Now that Apple Computer Inc. has tamed its Puma update to Mac OS X, the company is setting its sights on the next client and server versions of the Unix-based operating system.
Those plans include two other big cats, sources said: Mac OS X 10.2, code-named Jaguar, and an upgrade to Mac OS X Server, code-named Tigger.
Sources this week said Apple has finished work on Mac OS X 10.1 (which carried the code name Puma) and has sent the revised version of the operating system to duplication. Although no final release date has been announced, users should be able to download or obtain CD-ROM versions of the update by the end of September, as CEO Steve Jobs promised at Julys Macworld Expo in New York.
Apples software development team will concentrate on the next round of interim tweaks before it turns its full attention to the Jaguar update, which probably wont reach end users until Januarys Macworld Expo in San Francisco at the earliest, the sources said. Apple reportedly plans to tie up some loose ends in Puma with at least three interim upgrades that will ship about once every six weeks.
And servers, too
Meanwhile, Apple is reportedly prepping Mac OS X Server 10.1 (code-named Tigger), a heavy-duty version of the operating system that will be packaged with administration as well as Web and e-mail serving tools.
According to sources, Tigger will include few new features; instead, development efforts have focused on improving performance, which has reportedly been a sore point among the pros who employ the server OS.
Besides bug fixes, Mac OS X Server 10.1 will add in a few new modules for the Apache Web serving software and a new Macintosh Manager. In addition, the update will inherit Jaguars speed improvements and UI changes.
Mac OS X Server 10.1 is expected to ship soon after the client version, sources said.
Ready for Puma
As Jobs announced at Macworld Expo, Mac OS X 10.1 will feature a DVD player, a feature of the classic Mac OS that was included in versions 8 and later but was missing from the initial releases of Mac OS X. It will also pack a few user interface tweaks and speed improvements that both internal Apple documents and early users call "significant."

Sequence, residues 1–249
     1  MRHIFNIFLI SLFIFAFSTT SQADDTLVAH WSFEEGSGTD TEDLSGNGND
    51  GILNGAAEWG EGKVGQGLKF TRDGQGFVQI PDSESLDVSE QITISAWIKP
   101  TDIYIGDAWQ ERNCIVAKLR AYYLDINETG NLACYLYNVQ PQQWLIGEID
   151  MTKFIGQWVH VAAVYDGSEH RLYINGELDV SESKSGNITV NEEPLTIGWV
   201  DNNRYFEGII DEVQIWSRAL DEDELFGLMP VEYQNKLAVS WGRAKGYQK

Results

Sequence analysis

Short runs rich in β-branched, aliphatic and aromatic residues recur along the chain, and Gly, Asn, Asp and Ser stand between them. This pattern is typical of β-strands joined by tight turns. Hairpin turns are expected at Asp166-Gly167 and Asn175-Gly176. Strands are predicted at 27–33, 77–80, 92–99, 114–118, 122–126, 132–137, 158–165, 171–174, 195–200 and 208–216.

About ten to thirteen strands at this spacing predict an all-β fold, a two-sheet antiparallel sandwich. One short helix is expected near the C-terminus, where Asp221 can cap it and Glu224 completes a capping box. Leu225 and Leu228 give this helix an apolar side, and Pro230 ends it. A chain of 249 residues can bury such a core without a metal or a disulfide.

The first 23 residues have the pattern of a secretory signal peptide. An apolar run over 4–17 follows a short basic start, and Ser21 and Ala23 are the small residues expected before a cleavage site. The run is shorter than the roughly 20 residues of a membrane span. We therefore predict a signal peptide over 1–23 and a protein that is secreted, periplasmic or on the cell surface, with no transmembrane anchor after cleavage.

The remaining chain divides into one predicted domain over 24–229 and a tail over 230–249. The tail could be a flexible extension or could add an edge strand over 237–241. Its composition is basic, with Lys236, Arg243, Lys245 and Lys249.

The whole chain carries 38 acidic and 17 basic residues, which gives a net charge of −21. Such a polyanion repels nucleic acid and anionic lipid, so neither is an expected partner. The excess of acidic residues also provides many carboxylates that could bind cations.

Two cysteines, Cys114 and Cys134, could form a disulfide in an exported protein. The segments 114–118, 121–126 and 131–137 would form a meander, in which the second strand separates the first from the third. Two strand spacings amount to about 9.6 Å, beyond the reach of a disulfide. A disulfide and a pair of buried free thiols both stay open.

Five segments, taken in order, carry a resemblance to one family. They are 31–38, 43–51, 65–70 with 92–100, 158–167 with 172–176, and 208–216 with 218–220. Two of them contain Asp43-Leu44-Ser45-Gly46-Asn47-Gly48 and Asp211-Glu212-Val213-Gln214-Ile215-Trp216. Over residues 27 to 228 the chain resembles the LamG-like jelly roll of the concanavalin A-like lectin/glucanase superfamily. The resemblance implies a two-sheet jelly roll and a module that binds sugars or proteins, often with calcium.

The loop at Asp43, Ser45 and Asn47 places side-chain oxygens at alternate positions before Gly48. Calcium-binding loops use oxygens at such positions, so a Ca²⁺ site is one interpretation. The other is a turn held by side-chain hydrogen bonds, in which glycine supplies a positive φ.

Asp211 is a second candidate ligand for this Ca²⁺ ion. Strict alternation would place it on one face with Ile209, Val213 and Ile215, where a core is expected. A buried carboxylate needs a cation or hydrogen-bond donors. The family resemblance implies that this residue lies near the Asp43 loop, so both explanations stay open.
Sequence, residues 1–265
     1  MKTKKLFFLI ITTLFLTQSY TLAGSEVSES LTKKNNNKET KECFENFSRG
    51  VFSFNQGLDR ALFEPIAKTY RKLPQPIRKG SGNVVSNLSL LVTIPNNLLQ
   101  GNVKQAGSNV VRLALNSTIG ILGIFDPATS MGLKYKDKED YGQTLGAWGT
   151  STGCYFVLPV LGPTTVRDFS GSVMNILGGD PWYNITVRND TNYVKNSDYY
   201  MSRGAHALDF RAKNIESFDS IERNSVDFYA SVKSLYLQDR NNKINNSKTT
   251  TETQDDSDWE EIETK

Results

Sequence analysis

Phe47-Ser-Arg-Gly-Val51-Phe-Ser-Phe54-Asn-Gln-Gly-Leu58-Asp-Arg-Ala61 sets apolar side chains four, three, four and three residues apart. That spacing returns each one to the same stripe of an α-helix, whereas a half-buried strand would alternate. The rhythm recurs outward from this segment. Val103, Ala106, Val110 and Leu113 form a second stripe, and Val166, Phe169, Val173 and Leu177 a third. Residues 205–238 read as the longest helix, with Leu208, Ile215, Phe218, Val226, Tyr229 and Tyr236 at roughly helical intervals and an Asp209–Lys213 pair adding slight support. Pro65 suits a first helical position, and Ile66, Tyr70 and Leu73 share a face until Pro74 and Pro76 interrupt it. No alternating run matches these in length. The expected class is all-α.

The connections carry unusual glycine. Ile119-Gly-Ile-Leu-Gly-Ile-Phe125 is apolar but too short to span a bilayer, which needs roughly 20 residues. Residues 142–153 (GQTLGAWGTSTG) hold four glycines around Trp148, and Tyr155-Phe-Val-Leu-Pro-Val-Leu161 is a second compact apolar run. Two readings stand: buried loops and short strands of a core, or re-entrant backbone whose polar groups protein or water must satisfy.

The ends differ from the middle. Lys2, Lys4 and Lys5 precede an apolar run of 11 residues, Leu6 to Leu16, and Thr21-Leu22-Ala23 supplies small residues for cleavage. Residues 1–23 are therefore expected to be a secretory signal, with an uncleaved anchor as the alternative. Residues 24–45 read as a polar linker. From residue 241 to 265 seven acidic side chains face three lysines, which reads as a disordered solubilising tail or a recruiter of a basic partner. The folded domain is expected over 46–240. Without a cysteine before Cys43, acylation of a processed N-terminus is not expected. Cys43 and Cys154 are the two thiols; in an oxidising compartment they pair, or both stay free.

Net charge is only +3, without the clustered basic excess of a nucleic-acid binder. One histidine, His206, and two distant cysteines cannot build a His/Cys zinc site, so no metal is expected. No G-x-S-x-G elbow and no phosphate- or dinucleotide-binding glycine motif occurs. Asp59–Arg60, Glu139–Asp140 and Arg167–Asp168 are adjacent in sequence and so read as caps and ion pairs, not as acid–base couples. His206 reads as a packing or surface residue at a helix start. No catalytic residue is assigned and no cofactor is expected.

As previously reported, Mac OS X 10.1 will see performance gains that close the gap between the new and old operating systems -- various benchmarks and user experience had shown that simple tasks and most applications ran appreciably slower in early versions of Mac OS X compared with Mac OS 9. Reports from users of late builds of Mac OS X 10.1 have indicated that the perceived speed difference is minimal at worst.
For example, resizing windows, which often seemed glacial in Mac OS X 10.0, now works in real time, as it does under Mac OS 9. Apple representatives have said that Mac OS X 10.1 will include more optimizations for the PowerPC G4s Velocity Engine, an on-chip feature that accelerates certain multimedia operations. However, they would not say whether this will widen the performance gap of the operating system on newer vs. older PowerPC G3-based systems.
Mac OS X 10.1 also incorporates UI changes in response to vociferous complaints from early adopters.
Specifically, Mac OS Xs Dock, which combines the features of an application launcher, an application switcher and window shades, can now be moved from its position at the bottom of the screen and "pinned" to the left- or right-hand margin. In addition, tweaks to the Dock will enable quicker access to options for minimized applications and to files within folders in the Dock.
Mac OS X 10.1 will also enable drag-and-drop burning of data to CD-R and CD-RW media directly from the Finder. Apple said this enhancement should eliminate the need for specialized CD-burning software.
As with previous updates to Mac OS X, Version 10.1 should be available for downloading through the operating systems Software Update feature. However, some reports have posited that early versions of the update package weighed in at up to 450MB, making this an unlikely option even for users with high-speed Internet access.
Apple has said that registered Mac OS X users will be able to order CD-ROM versions of the update at a cost of less than $20 for shipping and handling. However, a recent Wall Street Journal article suggested that these disks will be distributed free at Apples own retail stores across the United States.